For an employee to be exempt from overtime regulations under California law, the employee must fit into a category of work that is deemed exempt.

The most common exemptions are the executive, administrative, and professional exemptions.  Workers who are employed in administrative, managerial, executive, or professional capacities generally fall under one of these exemptions. Each exemption has detailed requirements as to the amount and type of work performed and most exempt employees must meet a minimum salary threshold. The minimum salary threshold is typically no less than two times the state minimum wage for full-time employment (40 hours).

For certain exempt categories, however, the Department of Industrial Relations sets increases based on changes to the California Consumer Price Index for Urban Wage Earners and Clerical Workers (CPI). For example, under Labor Code section 515.5, certain computer software employees and licensed physicians and surgeons must be paid a statutorily specified rate based on the CPI in order to be deemed exempt from overtime regulations.

Under section 515.5, “employee[s] in the computer software field” who meet certain criteria will be exempt from overtime regulations. The exemption applies to those who are “primarily engaged in work that is intellectual or creative and that requires the exercise of discretion and independent judgment,” are “highly skilled,” and who perform work including programming, systems analysis, and software design. Effective January 1, 2024, the minimum hourly rate for computer software employees to meet this exemption will be $55.58, with a minimum monthly salary of $9649.96 (annually $115,763.35).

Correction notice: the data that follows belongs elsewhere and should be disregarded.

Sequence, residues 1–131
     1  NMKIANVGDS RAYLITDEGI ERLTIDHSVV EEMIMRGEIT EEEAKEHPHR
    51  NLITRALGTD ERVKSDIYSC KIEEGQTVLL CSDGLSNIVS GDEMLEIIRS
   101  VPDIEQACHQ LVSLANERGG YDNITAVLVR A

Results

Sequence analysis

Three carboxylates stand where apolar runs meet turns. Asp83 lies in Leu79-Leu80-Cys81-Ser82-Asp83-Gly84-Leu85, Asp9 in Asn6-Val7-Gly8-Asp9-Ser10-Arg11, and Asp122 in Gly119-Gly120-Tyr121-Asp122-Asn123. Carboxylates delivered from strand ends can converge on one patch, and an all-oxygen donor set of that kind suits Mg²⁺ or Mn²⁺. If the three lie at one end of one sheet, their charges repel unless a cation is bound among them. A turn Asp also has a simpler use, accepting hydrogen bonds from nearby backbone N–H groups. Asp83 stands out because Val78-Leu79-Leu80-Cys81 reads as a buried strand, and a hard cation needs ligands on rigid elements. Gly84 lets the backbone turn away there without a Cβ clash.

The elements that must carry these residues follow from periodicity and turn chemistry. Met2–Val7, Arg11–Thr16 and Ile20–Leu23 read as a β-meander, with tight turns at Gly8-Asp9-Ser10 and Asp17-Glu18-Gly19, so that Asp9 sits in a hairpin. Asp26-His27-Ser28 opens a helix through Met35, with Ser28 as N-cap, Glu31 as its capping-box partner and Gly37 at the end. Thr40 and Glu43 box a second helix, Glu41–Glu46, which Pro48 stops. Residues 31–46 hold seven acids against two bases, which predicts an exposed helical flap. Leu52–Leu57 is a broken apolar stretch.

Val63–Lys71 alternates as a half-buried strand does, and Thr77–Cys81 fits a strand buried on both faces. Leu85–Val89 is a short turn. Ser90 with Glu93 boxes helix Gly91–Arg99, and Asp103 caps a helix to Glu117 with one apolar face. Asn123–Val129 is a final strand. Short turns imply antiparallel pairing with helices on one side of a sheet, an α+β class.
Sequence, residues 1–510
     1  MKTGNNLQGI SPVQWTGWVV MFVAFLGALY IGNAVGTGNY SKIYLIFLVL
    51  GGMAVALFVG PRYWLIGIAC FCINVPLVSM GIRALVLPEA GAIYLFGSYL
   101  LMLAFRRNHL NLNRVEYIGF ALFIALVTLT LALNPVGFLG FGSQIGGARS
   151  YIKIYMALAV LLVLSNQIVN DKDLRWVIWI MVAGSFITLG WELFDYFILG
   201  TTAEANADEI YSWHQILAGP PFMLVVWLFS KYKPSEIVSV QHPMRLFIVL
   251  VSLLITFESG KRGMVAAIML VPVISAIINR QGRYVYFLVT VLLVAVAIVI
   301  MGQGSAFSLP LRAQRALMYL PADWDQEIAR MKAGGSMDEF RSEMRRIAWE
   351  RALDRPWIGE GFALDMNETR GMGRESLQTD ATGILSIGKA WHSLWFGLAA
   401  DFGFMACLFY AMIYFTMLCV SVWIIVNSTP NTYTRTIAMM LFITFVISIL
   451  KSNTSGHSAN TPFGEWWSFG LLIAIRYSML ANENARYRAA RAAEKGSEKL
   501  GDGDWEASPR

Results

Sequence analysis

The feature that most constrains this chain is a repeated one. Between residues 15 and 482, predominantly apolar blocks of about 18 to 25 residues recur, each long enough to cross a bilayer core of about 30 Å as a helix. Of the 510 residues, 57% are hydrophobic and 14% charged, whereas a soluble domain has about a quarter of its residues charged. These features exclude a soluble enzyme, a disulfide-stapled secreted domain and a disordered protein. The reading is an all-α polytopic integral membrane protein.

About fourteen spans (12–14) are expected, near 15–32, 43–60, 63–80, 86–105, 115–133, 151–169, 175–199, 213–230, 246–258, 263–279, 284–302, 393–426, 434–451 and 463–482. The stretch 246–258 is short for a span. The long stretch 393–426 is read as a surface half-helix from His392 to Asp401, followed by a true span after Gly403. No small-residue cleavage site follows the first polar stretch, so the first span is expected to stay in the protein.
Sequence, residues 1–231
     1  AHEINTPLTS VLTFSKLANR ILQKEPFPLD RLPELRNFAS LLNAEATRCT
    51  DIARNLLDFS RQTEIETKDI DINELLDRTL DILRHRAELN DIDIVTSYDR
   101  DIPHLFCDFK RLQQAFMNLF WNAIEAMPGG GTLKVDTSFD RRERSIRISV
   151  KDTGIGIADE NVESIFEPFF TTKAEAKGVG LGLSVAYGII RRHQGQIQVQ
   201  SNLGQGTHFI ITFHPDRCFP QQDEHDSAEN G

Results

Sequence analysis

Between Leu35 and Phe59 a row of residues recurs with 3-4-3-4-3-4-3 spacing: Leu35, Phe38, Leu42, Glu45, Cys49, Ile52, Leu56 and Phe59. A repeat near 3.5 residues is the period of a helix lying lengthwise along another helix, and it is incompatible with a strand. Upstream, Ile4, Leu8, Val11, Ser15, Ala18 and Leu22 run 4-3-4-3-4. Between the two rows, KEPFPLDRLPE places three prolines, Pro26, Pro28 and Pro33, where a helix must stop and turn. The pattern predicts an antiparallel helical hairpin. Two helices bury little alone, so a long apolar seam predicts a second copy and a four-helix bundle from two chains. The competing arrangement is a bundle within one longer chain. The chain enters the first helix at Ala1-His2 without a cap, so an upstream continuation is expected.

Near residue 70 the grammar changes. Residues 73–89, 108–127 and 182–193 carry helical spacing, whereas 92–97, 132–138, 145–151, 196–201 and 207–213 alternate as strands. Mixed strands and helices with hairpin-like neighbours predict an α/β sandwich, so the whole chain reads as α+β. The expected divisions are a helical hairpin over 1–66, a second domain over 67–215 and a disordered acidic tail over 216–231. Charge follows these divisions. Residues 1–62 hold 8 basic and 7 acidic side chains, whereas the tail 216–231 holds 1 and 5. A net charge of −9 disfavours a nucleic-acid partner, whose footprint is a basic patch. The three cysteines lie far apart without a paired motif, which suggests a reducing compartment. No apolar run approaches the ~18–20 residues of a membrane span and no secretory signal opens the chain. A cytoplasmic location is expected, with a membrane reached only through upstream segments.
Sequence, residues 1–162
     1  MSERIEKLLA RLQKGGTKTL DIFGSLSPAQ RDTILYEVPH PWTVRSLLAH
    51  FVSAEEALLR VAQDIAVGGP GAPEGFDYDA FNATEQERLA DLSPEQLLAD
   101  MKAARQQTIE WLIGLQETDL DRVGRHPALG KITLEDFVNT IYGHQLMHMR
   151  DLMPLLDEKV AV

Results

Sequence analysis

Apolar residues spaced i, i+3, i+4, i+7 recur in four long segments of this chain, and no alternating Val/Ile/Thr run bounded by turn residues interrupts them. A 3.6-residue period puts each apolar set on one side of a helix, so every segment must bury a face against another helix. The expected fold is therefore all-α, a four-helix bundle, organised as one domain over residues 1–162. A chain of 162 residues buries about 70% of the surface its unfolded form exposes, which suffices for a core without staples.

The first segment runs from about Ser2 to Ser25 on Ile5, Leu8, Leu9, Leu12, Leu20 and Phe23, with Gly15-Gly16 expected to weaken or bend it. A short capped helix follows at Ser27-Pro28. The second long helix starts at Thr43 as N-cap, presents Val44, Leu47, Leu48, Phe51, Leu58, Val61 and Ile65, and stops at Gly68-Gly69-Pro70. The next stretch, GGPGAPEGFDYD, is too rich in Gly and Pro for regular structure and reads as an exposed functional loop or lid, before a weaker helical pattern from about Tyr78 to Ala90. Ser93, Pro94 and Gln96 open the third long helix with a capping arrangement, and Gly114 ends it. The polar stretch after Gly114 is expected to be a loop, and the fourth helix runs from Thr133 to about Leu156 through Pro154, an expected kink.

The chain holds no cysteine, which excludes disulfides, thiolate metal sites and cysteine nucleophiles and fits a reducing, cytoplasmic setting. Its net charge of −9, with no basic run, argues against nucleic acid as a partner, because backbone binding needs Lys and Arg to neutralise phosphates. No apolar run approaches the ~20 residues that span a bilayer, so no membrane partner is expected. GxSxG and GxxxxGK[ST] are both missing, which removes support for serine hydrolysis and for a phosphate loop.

Similarly, under Labor Code section 515.6, certain licensed physicians and surgeons must be paid a minimum hourly rate. Effective January 1, 2024, that hourly rate is $101.22 to meet the exemption.

If you have questions about overtime exemption requirements or related issues, contact a Jackson Lewis attorney to discuss.

As the temperatures cool outside, the regulations for indoor heat illness prevention are heating up. Cal/OSHA has been working on a proposed Indoor Heat Illness Prevention Standard since 2017. In the spring Cal/OSHA Standards Board published a draft standard and announced a public hearing on Heat Illness Prevention in Indoor Places of Employment.

On November 9, 2023, the Board issued its Second Notice of Proposed Modifications. These revisions were the result of further comments from stakeholders and Board staff.

Here are some of the proposed modifications:

  • Clarifying that compliance is not required for incidental heat exposures where an employee is exposed to temperatures above 82 degrees for less than 15 minutes in any 60-minute period.
  • Adds a definition for “high radiant heat source,” which is “any object, surface, or other source of radiant heat that, if not shielded, would raise the globe temperature of the cool-down area five degrees Fahrenheit or greater than the dry bulb temperature of the cool-down area.”  
  • Adds detail that measuring temperature and heat index should be done where employees work and at times during the work shift when employee exposures are expected to be the greatest.  
  • Clarifying that Indoor Heat Illness Prevention may be added to training pertaining to heat illness prevention for outdoor employment where employees are affected by both.

The Board is accepting written comments on the modifications of the text and the changes to documents until 5:00 p.m. on November 28, 2023, at the Occupational Safety and Health Standards Board, 2520 Venture Oaks Way, Suite 350, Sacramento, California 95833 or e-mailed to oshsb@dir.ca.gov.

If you have questions about heat illness prevention in the workplace or related issues, contact a Jackson Lewis attorney to discuss.